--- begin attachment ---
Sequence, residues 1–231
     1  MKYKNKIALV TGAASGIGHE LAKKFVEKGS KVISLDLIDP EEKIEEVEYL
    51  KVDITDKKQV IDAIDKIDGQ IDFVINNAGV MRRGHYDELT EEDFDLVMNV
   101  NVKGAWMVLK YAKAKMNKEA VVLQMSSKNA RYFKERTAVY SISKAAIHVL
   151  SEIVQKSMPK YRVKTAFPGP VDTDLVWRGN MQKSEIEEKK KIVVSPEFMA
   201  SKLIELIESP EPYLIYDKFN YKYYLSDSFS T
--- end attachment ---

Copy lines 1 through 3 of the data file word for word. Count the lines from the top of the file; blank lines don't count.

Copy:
Sequence, residues 1–231
     1  MKYKNKIALV TGAASGIGHE LAKKFVEKGS KVISLDLIDP EEKIEEVEYL
    51  KVDITDKKQV IDAIDKIDGQ IDFVINNAGV MRRGHYDELT EEDFDLVMNV